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Report Engine API


The BIRT Report Engine API (RE API) allows you to integrate the run-time part of BIRT into your application. This may mean integrating into a stand alone Java application, deploying as part of a servlet or embedding it within an RCP application. The engine supports the following operations:

  • Discover the set of parameters defined for a report.

  • Get the default values for parameters.

  • Run a report to produce HTML/Paginated HTML, WORD, XLS, PS, ODT, ODS, ODP or PDF output.

  • Fetch an image or chart for a report.

  • Export Report data to CSV

  • Retrieve TOCs, Bookmarks, etc

The report engine supports extensions for custom report items, data access, and custom output formats. Extensions are discussed elsewhere. This section will focus on how your application integrates with the report engine.

Installing the Engine

The first step is to download, install, and configure the BIRT engine. The engine is more than just a simple JAR file; it also includes a set of extensions (plug-ins), and a set of data drivers.

  • First download the Report Engine from the BIRT download site.

  • This file will be named

  • Unzip this file into a directory, such as c:\birtruntime.

  • When you set the Engine Home, which is explained later, use C:/birtruntime/birt-runtime-version/ReportEngine as the value.

  • Add the jars in the ReportEngine/lib directory to your classpath/buildpath.

Note that if you are using the RE API within an RCP/Eclipse application these steps are not needed. Just add the RE API plugins to your application and call the needed functions.

The BIRT Viewer sample is also bundled with the Report Engine download. It is located under the WebViewerExample directory. If you decide to use this example, see Viewer Setup for an explanation. The Viewer uses the RE API to generate reports within the context of a servlet. It provides additional features, such as printing, TOCs, Page controls, etc. Before using the RE API, verify that the Viewer is not applicable to your application.

Engine Source

If you prefer to work directly with the BIRT source code, the Engine API is in the project within our Git repository. The source is also available from the BIRT site in one package (the BIRT Source Code Package), which can be downloaded from the BIRT download site.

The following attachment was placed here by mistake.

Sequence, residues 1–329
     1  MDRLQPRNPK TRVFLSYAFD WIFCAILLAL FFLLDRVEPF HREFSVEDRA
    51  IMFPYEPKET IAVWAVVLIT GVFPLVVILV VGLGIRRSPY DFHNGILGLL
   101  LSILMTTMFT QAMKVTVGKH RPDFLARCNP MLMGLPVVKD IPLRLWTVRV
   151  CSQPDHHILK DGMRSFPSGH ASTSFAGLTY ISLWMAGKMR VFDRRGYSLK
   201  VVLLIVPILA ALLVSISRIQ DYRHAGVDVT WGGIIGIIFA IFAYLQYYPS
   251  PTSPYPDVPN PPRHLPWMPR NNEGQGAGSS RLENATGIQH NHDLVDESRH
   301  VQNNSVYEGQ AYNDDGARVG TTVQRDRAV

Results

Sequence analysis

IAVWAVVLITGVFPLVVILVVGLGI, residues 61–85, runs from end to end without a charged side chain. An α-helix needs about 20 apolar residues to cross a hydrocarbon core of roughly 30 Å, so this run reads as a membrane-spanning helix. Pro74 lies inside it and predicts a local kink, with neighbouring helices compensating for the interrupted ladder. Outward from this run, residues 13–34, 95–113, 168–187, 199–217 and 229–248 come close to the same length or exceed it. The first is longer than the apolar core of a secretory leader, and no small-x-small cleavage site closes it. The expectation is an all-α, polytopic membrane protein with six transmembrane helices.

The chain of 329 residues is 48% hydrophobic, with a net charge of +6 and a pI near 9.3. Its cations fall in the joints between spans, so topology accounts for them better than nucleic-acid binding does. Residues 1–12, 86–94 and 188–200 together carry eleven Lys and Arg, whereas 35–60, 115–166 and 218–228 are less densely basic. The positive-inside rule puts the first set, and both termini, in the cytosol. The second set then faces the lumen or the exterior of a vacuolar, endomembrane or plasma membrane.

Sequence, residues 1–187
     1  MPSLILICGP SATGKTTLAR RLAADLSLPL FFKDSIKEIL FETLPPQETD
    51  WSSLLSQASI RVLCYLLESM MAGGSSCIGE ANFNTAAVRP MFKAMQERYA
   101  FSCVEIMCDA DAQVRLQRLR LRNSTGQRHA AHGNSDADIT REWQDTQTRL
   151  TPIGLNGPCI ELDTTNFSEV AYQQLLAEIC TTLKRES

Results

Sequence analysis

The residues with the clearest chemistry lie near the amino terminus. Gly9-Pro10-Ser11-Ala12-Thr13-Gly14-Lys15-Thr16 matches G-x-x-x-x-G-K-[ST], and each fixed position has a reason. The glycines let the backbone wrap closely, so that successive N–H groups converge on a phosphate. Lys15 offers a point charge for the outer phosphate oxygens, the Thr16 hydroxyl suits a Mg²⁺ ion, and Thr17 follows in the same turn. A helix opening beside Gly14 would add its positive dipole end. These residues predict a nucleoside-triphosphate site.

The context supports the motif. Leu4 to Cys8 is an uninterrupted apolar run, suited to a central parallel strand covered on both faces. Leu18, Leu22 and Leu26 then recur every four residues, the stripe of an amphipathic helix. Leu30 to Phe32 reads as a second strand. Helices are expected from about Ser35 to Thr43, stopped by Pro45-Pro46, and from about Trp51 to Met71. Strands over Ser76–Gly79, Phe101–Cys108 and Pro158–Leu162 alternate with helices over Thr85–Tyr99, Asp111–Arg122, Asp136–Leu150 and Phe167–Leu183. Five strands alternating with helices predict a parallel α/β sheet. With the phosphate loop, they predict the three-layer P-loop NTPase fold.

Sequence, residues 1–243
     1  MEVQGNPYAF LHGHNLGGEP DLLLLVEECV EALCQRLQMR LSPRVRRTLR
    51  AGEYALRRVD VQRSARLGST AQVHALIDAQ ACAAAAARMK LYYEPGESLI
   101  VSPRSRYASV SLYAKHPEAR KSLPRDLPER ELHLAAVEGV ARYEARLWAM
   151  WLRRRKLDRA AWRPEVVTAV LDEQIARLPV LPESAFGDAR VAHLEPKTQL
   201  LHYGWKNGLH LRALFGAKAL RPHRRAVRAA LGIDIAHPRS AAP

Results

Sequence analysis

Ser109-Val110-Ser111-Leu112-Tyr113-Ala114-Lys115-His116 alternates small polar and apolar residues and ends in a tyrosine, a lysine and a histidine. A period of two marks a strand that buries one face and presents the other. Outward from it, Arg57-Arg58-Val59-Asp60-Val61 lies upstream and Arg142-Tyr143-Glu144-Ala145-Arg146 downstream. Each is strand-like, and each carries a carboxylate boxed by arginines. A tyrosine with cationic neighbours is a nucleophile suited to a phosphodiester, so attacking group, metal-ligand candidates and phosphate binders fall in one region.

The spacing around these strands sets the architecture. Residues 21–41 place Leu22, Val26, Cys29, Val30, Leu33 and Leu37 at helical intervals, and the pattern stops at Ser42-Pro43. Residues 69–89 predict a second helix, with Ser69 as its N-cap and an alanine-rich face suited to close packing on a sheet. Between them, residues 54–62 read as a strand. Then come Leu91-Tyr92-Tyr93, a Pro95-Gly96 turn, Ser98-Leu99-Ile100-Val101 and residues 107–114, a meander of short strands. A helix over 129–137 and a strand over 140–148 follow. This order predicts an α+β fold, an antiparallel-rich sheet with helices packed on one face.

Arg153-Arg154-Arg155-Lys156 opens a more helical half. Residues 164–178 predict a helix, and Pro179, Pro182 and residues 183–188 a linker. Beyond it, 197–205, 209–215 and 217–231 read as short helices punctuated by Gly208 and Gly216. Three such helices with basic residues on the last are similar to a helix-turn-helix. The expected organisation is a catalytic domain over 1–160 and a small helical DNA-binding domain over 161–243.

This page provides an overview of the engine. To do actual development, consult the Engine Javadoc. These docs are available within BIRT Help.

Configuring JDBC Drivers

You must configure the engine to include any JDBC drivers that you need.

Birt POJO Runtime Note:

Add the driver jar to your classpath. To do this, copy the driver jar file to the ReportEngineInstall/birt-runtime-version/ReportEngine/plugins/ Directory.

API Overview

The following are the key steps to use the API, identifying the classes and interfaces you use for each step.

  • Create an instance of EngineConfig to set options for the report engine.
  • Set the Engine Home and start the Platform (Loads the plug-ins). If you are using the RE API in plugin format there is no need to set BIRT Home. If you are using the RE API from within a servlet, be sure to read about PlatformServletContext later on this page.

  • Create an instance of the ReportEngine class. You can use this object to perform multiple tasks.

  • Open a report design using one of the openReport( ) methods of ReportEngine.

  • Obtain information about report parameters using IGetParameterDefinitionTask. This is only needed if you want to build a custom parameter page or collect parameter definition information. The IRunTask and the IRunAndRenderTask interfaces have methods for setting parameter values.

  • Run and render a report using IRunAndRenderReportTask or IRunTask and IRenderTask.

  • Repeat steps 4-6 for the next report.

  • When done, call shutdown( ) on your engine instance. If using the engine in a servlet shudown the engine when the servlet shuts down.